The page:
This, times 8.
    [​IMG]

    Hardly any wear on the blade coating once I finished. That is surprising.

    No rolling of the edge, some very small chips knocked out of the blade from overstrikes into the rocky ground. Only a marginal loss of sharpness.
    No complaints.
     

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    Last edited: Aug 10, 2013
  13. lemaymiami

    lemaymiami Member

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    Why do I think you're already planning the next handle on that chopper?
     
  14. Sam Cade

    Sam Cade Member

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    You know me well. ;)

    I've got the handle off of it, pics in a few.
     
  15. Sam Cade

    Sam Cade Member

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    Ok, grip removal was easy.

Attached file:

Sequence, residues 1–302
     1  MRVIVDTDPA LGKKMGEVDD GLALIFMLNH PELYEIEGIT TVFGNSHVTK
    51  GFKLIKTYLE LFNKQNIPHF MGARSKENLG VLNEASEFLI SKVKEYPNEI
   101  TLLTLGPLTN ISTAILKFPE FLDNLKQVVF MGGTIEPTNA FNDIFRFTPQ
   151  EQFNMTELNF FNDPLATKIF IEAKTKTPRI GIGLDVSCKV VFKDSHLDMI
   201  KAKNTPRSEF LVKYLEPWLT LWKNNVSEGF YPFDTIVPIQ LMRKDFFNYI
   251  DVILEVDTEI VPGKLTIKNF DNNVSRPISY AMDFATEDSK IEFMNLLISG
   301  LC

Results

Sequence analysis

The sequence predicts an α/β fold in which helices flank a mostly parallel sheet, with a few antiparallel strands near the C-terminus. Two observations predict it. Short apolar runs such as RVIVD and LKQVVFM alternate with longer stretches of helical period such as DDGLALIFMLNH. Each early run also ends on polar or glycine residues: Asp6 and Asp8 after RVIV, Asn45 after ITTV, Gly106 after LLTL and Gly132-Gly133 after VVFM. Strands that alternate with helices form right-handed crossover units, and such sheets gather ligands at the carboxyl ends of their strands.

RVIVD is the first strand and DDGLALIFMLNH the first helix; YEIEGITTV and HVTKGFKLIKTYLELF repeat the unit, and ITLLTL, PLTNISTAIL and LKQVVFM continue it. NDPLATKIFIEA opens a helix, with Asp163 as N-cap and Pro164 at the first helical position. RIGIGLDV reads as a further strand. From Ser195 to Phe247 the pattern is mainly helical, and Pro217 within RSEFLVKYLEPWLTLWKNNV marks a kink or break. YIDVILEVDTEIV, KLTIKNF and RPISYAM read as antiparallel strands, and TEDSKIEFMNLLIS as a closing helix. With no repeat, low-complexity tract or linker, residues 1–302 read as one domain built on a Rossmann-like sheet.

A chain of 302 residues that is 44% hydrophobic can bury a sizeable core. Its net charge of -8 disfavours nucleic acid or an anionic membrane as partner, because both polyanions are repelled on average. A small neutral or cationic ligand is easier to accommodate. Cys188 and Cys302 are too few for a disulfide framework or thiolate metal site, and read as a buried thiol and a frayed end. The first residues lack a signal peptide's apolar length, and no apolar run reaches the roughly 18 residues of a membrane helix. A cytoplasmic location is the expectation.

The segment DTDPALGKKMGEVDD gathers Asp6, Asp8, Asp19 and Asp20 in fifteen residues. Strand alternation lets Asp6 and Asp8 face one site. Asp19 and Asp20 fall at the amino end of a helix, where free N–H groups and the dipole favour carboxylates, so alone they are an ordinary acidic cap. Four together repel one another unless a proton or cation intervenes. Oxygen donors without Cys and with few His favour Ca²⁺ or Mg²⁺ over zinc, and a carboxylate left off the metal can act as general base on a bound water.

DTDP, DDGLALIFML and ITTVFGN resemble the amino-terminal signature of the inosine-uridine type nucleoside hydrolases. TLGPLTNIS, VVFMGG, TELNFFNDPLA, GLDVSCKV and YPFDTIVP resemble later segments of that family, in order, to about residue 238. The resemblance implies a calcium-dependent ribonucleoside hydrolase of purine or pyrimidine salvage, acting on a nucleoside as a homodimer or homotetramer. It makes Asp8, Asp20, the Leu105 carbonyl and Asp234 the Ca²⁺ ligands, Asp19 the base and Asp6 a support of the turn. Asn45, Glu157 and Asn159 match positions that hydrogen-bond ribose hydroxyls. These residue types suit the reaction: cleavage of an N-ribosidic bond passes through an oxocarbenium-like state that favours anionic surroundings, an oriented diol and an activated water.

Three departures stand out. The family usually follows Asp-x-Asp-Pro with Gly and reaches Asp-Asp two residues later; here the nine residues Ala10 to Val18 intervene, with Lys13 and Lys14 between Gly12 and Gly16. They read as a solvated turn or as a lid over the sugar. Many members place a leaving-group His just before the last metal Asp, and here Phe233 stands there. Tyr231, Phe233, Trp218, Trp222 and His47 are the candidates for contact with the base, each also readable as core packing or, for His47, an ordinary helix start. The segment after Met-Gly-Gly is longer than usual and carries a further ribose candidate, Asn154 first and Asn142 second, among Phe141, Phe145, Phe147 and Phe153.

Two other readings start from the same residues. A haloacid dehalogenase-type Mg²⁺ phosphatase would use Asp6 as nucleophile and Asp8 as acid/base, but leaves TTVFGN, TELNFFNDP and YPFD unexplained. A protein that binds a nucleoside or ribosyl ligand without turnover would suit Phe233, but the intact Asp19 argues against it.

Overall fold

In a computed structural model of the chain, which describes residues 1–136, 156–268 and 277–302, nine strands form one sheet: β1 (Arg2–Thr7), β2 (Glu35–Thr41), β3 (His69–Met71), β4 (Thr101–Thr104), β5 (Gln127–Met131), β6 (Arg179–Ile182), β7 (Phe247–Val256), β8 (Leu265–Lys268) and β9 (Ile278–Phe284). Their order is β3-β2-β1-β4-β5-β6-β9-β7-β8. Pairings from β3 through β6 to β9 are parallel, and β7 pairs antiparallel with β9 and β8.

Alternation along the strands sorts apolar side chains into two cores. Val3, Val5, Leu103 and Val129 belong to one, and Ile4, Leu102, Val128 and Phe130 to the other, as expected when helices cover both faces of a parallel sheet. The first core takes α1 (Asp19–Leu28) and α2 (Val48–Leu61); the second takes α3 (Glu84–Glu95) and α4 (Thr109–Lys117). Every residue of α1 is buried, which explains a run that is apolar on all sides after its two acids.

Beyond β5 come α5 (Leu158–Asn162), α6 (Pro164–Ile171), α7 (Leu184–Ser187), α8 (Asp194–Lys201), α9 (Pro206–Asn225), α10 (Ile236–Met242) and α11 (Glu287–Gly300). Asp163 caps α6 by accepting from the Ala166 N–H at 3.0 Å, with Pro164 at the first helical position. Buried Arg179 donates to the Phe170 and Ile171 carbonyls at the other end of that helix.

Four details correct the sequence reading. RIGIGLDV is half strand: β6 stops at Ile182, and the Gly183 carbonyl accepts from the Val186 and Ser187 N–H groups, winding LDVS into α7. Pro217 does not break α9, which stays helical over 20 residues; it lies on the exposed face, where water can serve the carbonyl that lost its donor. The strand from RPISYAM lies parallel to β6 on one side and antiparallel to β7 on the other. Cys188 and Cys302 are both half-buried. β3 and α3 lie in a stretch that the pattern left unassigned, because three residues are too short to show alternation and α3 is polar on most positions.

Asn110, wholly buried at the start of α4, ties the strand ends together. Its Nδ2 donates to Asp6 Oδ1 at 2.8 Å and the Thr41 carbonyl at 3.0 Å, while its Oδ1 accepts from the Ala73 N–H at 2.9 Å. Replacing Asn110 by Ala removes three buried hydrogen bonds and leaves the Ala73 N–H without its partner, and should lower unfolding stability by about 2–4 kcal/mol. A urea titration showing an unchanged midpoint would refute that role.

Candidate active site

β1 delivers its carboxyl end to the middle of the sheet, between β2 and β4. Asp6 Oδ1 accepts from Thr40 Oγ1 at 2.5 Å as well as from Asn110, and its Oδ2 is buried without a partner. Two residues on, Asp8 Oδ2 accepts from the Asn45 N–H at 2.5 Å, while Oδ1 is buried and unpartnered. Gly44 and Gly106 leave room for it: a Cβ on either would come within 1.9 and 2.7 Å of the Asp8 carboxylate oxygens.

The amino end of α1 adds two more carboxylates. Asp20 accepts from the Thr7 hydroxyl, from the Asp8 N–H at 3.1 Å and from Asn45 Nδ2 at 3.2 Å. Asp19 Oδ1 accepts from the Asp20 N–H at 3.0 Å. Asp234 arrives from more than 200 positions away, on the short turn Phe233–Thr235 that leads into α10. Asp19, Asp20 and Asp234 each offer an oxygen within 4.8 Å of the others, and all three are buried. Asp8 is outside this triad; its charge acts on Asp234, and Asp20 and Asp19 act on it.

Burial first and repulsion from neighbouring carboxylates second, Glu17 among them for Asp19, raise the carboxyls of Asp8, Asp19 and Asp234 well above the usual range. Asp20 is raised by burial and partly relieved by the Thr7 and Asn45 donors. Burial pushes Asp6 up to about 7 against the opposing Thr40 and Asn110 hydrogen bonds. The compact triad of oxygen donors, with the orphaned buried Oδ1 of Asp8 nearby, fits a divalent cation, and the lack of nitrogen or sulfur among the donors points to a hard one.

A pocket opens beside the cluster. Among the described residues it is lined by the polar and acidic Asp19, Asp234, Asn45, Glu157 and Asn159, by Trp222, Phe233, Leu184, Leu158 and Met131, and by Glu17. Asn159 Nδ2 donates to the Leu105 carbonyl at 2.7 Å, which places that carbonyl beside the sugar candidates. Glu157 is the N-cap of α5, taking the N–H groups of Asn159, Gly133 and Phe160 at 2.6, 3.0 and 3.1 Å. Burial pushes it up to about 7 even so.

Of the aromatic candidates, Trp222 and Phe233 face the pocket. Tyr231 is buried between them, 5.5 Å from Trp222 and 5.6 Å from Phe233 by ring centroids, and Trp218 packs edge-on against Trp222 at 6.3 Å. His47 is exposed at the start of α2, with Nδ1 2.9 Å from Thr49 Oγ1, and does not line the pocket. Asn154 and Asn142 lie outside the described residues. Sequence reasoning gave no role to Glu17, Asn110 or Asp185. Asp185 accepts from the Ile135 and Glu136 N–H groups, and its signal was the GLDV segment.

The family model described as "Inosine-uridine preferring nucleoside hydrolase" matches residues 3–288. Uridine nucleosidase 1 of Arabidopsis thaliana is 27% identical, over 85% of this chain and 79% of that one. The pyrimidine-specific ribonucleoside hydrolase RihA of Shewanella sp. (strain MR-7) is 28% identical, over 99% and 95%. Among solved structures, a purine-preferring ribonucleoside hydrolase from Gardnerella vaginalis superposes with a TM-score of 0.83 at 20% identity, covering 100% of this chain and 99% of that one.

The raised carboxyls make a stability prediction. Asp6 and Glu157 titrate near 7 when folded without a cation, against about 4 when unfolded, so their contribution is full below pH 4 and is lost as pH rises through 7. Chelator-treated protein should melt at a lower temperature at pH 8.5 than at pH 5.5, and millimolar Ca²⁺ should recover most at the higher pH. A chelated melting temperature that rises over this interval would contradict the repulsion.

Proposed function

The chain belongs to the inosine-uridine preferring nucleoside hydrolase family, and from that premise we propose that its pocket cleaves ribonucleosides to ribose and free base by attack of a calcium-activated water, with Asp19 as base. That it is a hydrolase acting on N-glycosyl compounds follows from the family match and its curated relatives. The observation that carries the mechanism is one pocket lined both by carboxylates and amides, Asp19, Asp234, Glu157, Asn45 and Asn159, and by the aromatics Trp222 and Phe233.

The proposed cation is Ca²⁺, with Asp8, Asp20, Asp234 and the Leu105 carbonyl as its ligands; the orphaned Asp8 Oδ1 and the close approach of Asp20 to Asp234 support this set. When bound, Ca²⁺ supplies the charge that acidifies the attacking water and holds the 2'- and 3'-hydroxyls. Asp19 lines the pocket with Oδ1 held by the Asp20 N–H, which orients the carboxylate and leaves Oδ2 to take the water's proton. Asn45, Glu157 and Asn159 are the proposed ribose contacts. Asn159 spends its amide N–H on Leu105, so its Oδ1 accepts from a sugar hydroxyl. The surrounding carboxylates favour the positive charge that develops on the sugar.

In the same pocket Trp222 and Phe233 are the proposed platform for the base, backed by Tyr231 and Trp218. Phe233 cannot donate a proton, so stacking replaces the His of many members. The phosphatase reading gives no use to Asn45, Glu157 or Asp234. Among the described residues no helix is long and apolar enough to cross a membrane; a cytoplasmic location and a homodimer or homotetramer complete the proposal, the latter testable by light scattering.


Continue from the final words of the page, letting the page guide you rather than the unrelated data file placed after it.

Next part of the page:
It was held on by 2, T-20 Torx threaded inserts.

    Unscrew them and the grip will tap right off, it is just a friction fit, no adhesive.

    I used a croquet mallet because, y'know, I'm a classy guy. ;)
    [​IMG]


    No surprises here:
    [​IMG]

    The tang is full thickness, so .2".
    Given my druthers, I'd delete the northernmost, unnecessary oblong lanyard hole.

    In any case, this is a drastic improvement over the skelentonized tuning fork that was on the Outcast.
     

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  16. Double_J

    Double_J Member

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    So what is next for this project? A new and improved custom fit handle to help improve usability?
     
  17. Sam Cade

    Sam Cade Member

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    Probably, but that is fairly low priority. I've got quite a few things in the queue ahead of it.